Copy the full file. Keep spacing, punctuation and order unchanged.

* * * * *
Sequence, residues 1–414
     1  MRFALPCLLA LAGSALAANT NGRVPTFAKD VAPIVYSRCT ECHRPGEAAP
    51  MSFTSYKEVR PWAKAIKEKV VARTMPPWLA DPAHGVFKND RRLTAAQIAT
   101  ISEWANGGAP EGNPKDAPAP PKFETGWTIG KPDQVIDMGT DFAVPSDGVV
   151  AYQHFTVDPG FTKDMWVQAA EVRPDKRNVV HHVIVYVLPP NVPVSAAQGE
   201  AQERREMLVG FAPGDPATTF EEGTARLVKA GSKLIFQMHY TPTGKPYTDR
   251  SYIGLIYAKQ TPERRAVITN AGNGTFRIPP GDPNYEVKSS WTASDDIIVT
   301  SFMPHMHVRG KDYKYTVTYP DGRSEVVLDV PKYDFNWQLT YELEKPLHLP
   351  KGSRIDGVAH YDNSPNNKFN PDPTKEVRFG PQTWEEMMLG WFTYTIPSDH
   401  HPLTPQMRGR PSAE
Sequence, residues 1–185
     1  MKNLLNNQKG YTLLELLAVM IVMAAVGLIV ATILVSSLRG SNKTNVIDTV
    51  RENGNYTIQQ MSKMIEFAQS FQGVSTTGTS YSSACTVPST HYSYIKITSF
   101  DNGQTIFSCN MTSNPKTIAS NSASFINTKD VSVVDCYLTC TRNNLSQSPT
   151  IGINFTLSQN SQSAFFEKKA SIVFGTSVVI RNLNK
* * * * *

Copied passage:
Sequence, residues 1–414
     1  MRFALPCLLA LAGSALAANT NGRVPTFAKD VAPIVYSRCT ECHRPGEAAP
    51  MSFTSYKEVR PWAKAIKEKV VARTMPPWLA DPAHGVFKND RRLTAAQIAT
   101  ISEWANGGAP EGNPKDAPAP PKFETGWTIG KPDQVIDMGT DFAVPSDGVV
   151  AYQHFTVDPG FTKDMWVQAA EVRPDKRNVV HHVIVYVLPP NVPVSAAQGE
   201  AQERREMLVG FAPGDPATTF EEGTARLVKA GSKLIFQMHY TPTGKPYTDR
   251  SYIGLIYAKQ TPERRAVITN AGNGTFRIPP GDPNYEVKSS WTASDDIIVT
   301  SFMPHMHVRG KDYKYTVTYP DGRSEVVLDV PKYDFNWQLT YELEKPLHLP
   351  KGSRIDGVAH YDNSPNNKFN PDPTKEVRFG PQTWEEMMLG WFTYTIPSDH
   401  HPLTPQMRGR PSAE
Sequence, residues 1–185
     1  MKNLLNNQKG YTLLELLAVM IVMAAVGLIV ATILVSSLRG SNKTNVIDTV
    51  RENGNYTIQQ MSKMIEFAQS FQGVSTTGTS YSSACTVPST HYSYIKITSF
   101  DNGQTIFSCN MTSNPKTIAS NSASFINTKD VSVVDCYLTC TRNNLSQSPT
   151  IGINFTLSQN SQSAFFEKKA SIVFGTSVVI RNLNK